Big 12 Basketball Gambling Results, Week Two

I’m back with a recap of last week’s Big 12 gambling action. I realized last week that I probably didn’t do a good enough job of explaining everything, so I’ll try to do that here. I’ll explain “the system” (that I don’t actually gamble with, I just record hypothetical bets) column by column.

Like I do with Texas Tech’s season outlook each week, ESPN’s Basketball Power Index (BPI) is the starting point for how I pick games. BPI assigns each team a win probability, as well as a predicted point differntial (PPD). These are represented in the first two columns next to the matchups below. So betting against the spread is straightforward; find the spread, compare it to BPI’s PPD, and bet accordingly. So for example, BPI predicted Texas Tech would beat Oklahoma by 8.6 points last week. The spread was just Texas Tech -6.5, meaning BPI expected Texas Tech to cover the spread. I picked accordingly. Texas Tech won by 7 points, making it a winning bet, and therefore highlighted in green.

The next column is the points total for both teams in a game, referred to as the “over/under”, and labeled “O/U” on the chart. To choose how to bet on the over/under, I don’t use BPI. Instead, I bet against the public consensus in Las Vegas. I find this data using the Action Sports app. They track the percentage of money that has been bet, and I always choose against the majority of the public money in Vegas. The logic here is that Vegas sports books aren’t staying in business for very long if the public is betting accurately in the long run.

So sticking with the Texas Tech-Oklahoma game last week, the majority of the money in Vegas was for the points total to be under 132.5. I picked the over and lost, as the two teams combined for 125 points. The losing bet is highlighted in red.

The most complicated part of this is how to bet the money line in each game. The money line is listed next to the over/under. The number you see for the favorite in Vegas is the amount of money needed to bet in order to win $100. For the Texas Tech-Oklahoma game last week, one would need to bet $300 on Texas Tech to win the game straight up, regardless of point differential, in order to profit $100. The number you see in the money line column for the Vegas underdog is the amount of money one would profit on a $100 bet. For Oklahoma, that meant wagering $100 to profit $245.

What I do next is calculate – for both the favorite and the underdog – the win percentage needed for that bet to break even. In other words, if a team has even odds (bet $100 to profit $100), they would need to win 50 percent of the time for that bet to break even over the long haul. A team that is +200 (bet $100 to profit $200) would need to win 33.3 percent of the time, and so on. I calculated that at the given money lines in the Texas Tech-Oklahoma matchup, Texas Tech would need to win the matchup 75 percent of the time at -300 and Oklahoma would need to win 29 percent of the time at +245 to break even.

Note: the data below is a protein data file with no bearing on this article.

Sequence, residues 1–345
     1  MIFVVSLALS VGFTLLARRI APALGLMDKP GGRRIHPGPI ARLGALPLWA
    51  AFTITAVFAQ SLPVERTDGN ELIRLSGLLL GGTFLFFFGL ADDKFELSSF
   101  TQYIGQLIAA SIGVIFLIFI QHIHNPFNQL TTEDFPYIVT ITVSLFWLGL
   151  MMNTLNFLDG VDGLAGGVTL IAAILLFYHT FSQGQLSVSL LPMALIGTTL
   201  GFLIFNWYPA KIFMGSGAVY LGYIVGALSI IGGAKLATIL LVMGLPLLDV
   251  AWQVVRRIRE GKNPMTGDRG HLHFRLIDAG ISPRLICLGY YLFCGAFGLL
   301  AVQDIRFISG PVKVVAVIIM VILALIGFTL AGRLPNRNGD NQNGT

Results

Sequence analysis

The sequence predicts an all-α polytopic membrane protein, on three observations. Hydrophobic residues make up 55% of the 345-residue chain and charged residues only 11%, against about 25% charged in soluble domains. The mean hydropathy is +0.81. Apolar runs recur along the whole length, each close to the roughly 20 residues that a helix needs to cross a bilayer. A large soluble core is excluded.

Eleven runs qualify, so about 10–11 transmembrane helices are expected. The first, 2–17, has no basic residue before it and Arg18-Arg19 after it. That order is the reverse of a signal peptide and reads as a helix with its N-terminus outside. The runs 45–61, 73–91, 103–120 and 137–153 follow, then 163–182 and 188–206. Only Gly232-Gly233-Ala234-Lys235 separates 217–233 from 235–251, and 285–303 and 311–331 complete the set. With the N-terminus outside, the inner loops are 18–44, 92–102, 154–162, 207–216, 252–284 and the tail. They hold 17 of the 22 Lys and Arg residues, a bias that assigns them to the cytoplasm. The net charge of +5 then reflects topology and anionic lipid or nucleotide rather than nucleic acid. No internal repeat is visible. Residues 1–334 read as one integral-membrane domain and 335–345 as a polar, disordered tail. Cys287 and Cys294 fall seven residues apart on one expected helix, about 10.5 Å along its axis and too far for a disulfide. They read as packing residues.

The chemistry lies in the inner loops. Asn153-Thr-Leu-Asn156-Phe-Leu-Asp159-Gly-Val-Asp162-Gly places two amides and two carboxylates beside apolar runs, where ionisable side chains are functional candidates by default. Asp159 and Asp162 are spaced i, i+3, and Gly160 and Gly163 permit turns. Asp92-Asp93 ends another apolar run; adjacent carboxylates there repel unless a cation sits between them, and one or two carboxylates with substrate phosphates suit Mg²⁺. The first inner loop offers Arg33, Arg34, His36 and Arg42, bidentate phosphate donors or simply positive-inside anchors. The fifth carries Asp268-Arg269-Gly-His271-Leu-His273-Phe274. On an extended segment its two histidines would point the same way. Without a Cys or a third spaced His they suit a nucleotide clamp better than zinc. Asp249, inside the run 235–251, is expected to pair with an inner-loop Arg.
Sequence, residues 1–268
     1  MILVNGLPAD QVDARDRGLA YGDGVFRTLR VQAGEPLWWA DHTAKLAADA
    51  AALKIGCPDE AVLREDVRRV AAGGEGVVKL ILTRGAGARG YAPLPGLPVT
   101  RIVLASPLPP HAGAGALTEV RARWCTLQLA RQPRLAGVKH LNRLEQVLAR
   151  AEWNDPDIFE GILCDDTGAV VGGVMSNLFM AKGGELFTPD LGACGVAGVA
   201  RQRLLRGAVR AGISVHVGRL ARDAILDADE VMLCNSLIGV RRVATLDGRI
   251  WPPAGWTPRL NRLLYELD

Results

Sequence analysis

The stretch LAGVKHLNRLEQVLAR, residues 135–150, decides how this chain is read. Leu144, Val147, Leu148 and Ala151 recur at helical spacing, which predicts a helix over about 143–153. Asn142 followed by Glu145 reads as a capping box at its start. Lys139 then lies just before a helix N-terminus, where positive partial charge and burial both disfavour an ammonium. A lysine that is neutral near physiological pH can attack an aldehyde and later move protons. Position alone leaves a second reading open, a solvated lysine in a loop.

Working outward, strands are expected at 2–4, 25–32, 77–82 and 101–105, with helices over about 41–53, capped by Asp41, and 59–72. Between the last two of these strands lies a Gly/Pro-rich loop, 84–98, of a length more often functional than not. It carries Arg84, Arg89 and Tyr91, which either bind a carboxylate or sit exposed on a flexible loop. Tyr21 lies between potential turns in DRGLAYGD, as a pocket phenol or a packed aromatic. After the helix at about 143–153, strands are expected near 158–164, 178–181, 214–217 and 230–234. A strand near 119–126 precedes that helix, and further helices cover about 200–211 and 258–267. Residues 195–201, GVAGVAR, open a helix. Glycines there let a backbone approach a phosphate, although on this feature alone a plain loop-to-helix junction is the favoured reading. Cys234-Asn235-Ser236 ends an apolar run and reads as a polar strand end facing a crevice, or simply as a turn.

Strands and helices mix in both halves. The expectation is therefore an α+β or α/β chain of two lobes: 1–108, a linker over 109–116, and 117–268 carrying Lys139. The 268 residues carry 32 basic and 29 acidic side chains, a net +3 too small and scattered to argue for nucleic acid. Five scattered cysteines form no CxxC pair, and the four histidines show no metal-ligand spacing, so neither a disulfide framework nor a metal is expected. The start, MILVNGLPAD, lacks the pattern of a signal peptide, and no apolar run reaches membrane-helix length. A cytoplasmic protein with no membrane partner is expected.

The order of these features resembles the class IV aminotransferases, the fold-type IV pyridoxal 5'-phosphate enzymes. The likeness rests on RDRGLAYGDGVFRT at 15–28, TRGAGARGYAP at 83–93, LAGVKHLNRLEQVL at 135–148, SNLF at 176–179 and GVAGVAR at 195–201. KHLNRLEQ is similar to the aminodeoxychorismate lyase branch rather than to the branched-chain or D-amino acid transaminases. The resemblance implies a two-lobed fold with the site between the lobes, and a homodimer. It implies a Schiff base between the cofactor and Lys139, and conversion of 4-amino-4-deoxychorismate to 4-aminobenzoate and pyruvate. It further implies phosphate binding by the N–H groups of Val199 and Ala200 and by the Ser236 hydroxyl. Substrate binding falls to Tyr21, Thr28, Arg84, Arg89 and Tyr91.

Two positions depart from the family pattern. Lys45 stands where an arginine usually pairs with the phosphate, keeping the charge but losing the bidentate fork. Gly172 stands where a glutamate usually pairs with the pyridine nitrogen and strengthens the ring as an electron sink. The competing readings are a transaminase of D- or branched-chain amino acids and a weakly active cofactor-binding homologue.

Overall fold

The next step is to compare that number (what I call the “break even percentage”) to the very first number on the chart – the BPI win probability – and bet (or don’t bet) accordingly. I do not bet unless there is a positive 7 percent difference in the break even percentage calculated above and the BPI odds to win. The “Difference” column is the difference between BPI’s win probability and the break even point at the given money line. So you’ll see on the chart below that Kansas would have needed to beat TCU 70.1 percent of the time for their moneyline of -235 (bet $235 to profit $100) to break even. Yet they were given a 78.7 percent chance to win the game per BPI, so I took the bet as that’s a difference of 8.6 percent in favor of Kansas.

The final score is listed on the far right so you can easily tally up the over/under and compare the margin of victory against the spread. Winning bets are green, losing bets are red, and pushes are yellow.

This week, against the spread bets went an even 5-5. This would result in an overall $45 loss on these 10 games (assuming a $100 bet on each game) since the bets pay out -110.

Combined with last week, we are at 12-6-1 against the spread for a profit of $492 year-to-date.

Over/under bets this week went 5-3-1 for a profit of $155. (The public was evenly split on the points total for Kansas State and Iowa State so no bet was made.)

Year-to-date we are at 10-7-1 on over/under bets for a profit of $210.

Money line picks this week paid out a profit of $47.50. After losing $50 on money line picks last week, we are basically even there.

So totals for all types of bets this week would have profited $157.50. Nothing earth-shattering, but not too shabby at all for a casual gambler seeking some added entertainment value during the college basketball season.

Year to date total profits for the season are at $689.50. For those who are new to gambling, this is where you cash out and never gamble again. But since we’re just having fun here and not wagering any real money, I’ll be back next week with another recap of how this system works.

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